OLR Bill Analysis
AN ACT CREATING INCENTIVES FOR YOUNG PROFESSIONALS TO LIVE IN URBAN AREAS.
This bill allows the housing commissioner, in consultation with the revenue services commissioner, to provide an income tax deduction to recent college and university graduates who rent or purchase their first home in designated urban areas. These graduates qualify for the deduction if they owe at least $20,000 in student loan debt. The deduction equals up to 10% of their rent or mortgage payments, up to $1,200 per year for 10 years.
EFFECTIVE DATE: October 1, 2013, except for the provision authorizing the income tax deduction, which takes effect upon passage and applies to income years beginning on or after January 1, 2013.
INCOME TAX DEDUCTION
Under the bill, the housing commissioner may establish a Young Professionals Urban Housing Incentive Program to provide a state income tax deduction to eligible recent graduates. The deduction, up to $1,200 annually, is up to 10% of an eligible taxpayer's rent or mortgage payments.
For example, under the bill, an eligible taxpayer with a single filing status and CT-AGI of $50,000 in 2012 who pays $12,000 in rent would be able to deduct up to $1,200 in addition to other deductions the law allows. Applying the $1,200 deduction, the taxpayer would have a CT-AGI of $48,800. The deduction reduces the taxpayer's taxes by $54, from $2,069 (CT-AGI of $50,000) to $2,015 (CT-AGI of $50,000 with maximum $1,200 deduction).
The deducted rent or mortgage payments must be for a primary residence in a designated urban area. Mortgage payments can be deducted only if they are for the taxpayer's first home.
To qualify for the exemption, taxpayers must:
1. have graduated from a public or private institution of higher education, including regional community-technical colleges, on or after January 1, 2014;
2. be personally liable for at least $20,000 in student loans; and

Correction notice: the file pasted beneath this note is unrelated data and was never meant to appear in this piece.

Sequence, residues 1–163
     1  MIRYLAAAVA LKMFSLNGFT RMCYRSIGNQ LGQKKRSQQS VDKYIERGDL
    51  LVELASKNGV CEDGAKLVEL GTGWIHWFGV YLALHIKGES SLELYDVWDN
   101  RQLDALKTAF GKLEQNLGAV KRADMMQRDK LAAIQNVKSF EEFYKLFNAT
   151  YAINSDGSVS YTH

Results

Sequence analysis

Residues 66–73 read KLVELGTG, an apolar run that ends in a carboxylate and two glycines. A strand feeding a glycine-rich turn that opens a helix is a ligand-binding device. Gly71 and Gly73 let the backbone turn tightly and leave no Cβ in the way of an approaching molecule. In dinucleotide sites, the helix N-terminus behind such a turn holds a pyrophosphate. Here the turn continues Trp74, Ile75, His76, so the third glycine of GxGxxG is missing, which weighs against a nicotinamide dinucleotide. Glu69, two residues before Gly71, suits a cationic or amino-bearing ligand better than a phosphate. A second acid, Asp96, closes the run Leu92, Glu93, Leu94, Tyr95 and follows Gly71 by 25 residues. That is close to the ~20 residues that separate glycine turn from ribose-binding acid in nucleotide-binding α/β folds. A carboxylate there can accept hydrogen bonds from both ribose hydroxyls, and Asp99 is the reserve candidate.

3. pay rent or make mortgage payments on housing in an urban area designated by the housing commissioner.
Taxpayers are eligible to participate in the program only during the year in which they graduate and the nine taxable years that follow. An eligible taxpayer whose student loan debt falls below $20,000 or who stops making payments on an eligible property immediately becomes ineligible for the deduction.
Eligible taxpayers must apply biennially, with supporting documentation, to the commissioner for acceptance into the program. The commissioner must create the application form and designate the urban areas where the deduction is available.
The Department of Economic and Community Development (DECD) commissioner is authorized to establish the Live Here, Learn Here Program to help students save towards a down payment on their first home in Connecticut by segregating a portion of their state income tax payments for up to 10 years after they graduate. To receive the down payment assistance, a student must apply to the DECD commissioner within 10 years of graduation. The payment equals the segregated amount, up to the amount needed for the down payment. Any balance remaining in a student's account must be deposited in the General Fund. Students who receive the assistance and subsequently leave Connecticut may have to repay all or part of the assistance, depending on when they leave.